I know, I know, I’ve been very bad this year – blogwise, that is. With my miserable amount of posts, there’s probably no way I can salvage my standing in Santa’s books. Still – one can try!
So here’s my attempt to make myself feel a little better about my year of blog-inaction. A List! Everyone loves lists! Right? What more a book list of Singapore published titles?
Archibald Series by SherMay Loh
Aristocracy? Check. Boarding school adventures? Check. Chivalry and mayhem? Check!
Well now, who can say no to a series like that? SherMay Loh spins a delightful tale tale about Archibald (Archie for short) an earnest, awkward boy trying to forge his own identity amongst opposing social and familial expectations. It’s a rollicking adventure set in a medieval world of kings and knights. Wholesome, funny and heartwarming, this series reminds me of the Enid Blyton adventures I loved as a kid.
For your Lover, or the Lover of Love
Making Love with Scrabble Tiles by Joshua Ip
I attended the very entertaining Singlish Panel at the 2013 Singapore Writer’s Festival where I had the chance to listen to Joshua Ip read some of his poems in “Sonnets from the Singlish“. This made me decide immediately that I had to own a copy of that book, only to find it sold out. So when Making Love with Scrabble Tiles was published, I purchased it at once. It did not disappoint.
Tiles is a slim volume of poems about relationships – written in an accessible, empathic way. In it, Ip dissects love in all its shapes and forms, singling out an act, a moment, a flash of sentiment and then pulling it taut with words. Love, being a universal emotion, means that these poems are easily understood by all, but I especially appreciate how he skillfully uses localisms to weave another layer of intimacy with the reader – where only those who have lived in Singapore will understand that other dialogue about prawn peeling in “first date at jumbo seafood”, or where the Singapoean accent takes centre stage in the vocalisation of love in “tongues”. I suppose it’s that additional layer of context that makes this collection work so well for me – it almost reads like a roadmap for the Singaporean heart, familiar yet foreign, old yet new.
The Resident Tourist by Troy Chin
I admit I was late to this series, but once I discovered it this year, I tore through it (yes, it was that good), even if it left my heart quite broken in the process.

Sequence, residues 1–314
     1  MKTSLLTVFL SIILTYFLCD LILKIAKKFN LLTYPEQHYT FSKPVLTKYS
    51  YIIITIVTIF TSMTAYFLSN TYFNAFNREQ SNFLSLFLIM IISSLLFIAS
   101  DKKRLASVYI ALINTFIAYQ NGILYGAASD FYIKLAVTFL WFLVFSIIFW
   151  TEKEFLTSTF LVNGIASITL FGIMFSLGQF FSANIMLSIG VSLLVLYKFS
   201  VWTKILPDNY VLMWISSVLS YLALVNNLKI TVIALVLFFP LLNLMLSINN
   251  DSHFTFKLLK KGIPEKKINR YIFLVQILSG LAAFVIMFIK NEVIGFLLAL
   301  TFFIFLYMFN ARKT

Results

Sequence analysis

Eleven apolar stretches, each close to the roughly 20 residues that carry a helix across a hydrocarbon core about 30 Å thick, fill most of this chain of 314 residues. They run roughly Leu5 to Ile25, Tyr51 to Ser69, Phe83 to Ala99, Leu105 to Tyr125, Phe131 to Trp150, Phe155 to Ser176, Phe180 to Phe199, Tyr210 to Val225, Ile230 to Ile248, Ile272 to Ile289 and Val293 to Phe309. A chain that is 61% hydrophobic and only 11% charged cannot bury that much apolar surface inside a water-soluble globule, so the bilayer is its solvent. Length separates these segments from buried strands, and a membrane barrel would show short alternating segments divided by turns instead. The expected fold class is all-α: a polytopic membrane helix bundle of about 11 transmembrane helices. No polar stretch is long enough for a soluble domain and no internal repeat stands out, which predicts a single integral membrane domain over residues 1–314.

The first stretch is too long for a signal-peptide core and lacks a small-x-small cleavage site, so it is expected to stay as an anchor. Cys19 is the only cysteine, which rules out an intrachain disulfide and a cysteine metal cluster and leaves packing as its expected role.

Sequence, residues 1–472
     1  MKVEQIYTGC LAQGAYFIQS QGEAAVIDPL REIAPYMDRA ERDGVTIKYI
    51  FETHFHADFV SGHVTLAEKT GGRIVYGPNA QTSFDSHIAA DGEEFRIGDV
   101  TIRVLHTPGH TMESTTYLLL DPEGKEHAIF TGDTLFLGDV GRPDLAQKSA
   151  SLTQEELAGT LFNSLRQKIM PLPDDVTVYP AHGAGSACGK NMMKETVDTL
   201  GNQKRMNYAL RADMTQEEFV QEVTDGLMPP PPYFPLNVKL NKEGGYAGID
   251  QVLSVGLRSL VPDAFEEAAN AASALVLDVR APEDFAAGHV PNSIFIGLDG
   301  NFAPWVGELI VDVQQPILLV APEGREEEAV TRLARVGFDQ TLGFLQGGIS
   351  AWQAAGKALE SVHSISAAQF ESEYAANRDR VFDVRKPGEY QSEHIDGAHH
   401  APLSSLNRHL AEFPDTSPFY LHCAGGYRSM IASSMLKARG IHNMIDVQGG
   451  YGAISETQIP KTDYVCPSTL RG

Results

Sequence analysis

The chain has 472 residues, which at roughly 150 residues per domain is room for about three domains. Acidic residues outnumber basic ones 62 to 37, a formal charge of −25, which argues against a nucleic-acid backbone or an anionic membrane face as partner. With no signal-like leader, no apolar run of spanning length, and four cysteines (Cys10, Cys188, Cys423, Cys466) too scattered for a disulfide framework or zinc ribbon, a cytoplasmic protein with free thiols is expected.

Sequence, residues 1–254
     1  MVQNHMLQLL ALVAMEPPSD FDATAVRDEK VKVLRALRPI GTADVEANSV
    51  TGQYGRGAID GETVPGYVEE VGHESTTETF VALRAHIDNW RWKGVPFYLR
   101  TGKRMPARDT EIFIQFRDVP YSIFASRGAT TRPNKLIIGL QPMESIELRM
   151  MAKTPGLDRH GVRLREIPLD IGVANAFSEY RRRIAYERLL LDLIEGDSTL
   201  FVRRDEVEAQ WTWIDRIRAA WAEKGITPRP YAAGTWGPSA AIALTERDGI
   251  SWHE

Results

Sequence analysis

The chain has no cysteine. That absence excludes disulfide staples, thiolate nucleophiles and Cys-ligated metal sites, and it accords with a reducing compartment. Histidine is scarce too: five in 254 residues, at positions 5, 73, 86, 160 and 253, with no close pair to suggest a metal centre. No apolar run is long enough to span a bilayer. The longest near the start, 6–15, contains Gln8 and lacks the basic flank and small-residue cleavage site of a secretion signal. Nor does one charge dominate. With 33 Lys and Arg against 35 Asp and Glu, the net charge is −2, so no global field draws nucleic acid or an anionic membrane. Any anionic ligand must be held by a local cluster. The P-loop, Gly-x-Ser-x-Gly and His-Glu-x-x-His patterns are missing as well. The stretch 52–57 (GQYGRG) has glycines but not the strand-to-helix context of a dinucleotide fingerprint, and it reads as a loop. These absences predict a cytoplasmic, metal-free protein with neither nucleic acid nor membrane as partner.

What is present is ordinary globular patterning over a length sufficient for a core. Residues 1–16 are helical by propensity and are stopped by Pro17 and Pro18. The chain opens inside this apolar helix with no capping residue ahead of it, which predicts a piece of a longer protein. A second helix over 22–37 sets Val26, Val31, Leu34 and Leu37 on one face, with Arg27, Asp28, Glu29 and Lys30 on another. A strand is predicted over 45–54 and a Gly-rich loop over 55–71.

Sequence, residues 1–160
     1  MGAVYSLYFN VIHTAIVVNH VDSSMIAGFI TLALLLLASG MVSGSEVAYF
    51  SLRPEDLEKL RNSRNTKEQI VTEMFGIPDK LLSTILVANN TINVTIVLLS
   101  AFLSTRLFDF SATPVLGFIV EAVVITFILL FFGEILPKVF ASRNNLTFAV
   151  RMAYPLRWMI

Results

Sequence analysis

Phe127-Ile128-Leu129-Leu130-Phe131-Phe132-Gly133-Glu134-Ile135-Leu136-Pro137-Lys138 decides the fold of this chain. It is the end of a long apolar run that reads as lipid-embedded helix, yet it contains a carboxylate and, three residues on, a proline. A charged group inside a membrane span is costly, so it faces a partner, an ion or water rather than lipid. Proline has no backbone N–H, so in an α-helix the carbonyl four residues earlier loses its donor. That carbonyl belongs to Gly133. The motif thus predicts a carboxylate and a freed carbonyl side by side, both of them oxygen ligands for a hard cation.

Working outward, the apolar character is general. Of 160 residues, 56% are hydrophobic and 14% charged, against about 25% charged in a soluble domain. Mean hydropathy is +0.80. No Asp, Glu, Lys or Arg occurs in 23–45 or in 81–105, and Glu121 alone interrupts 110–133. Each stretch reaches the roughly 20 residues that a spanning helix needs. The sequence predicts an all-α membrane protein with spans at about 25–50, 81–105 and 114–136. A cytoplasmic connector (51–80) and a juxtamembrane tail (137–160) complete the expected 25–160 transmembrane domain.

The Resident Tourist is an autobiographical graphic novel series about the life of Troy Chin – his childhood, his youth, his sense of alienation when he returns to Singapore after 10 years in America, and his struggles to establish himself as a comic artist in Singapore. If you’ve ever felt like an outsider, or if you’ve ever felt that love-hate weariness with the concept of being Singaporean, this series will have plenty of “aha” moments for you. Also, if you’re a (geeky) child of the eighties like I am, reading about his childhood escapades – the school days, the video games, the music … will probably make you smile. Oh the nostalgia!
I once told a friend that I thought Troy Chin was the voice of a generation – and she immediately told me to stop my exposition, fearing that I’d overhype the book for her. I hold on to my theory though – at least, I think he is the brutally honest voice of my generation, jaded, lost, yet still searching for a unicorn in the horizon.
For the Fairytale Enthusiast
Eastern Heathens: An Anthology of Subverted Asian Folklore by Various Authors
Ok, I admit that I have a story in here, so I’m probably biased, but who doesn’t like fairytale retellings? Asian fairytales aren’t often in the limelight, despite the abundance of lore and legend. This collection of edgy tales would make a nice gift for someone wanting a respite from western lore.
In Eastern Heathens, you’ll find Asian folktales retold in a variety of genres. Some are funny (Tenali Raman Redux by Jennani Durai), some are sexy (Siren by Amanda Lee Koe) and some are lyrical (The Fox Wife Dreams by Jeannine Hall Gailey). There’s even a sci-fi retelling of Lady White Snake (Always a Risk by Jason Erik Lundberg). Short and punchy, these are tales that challenge the conventions of folklore and spin them in a new light.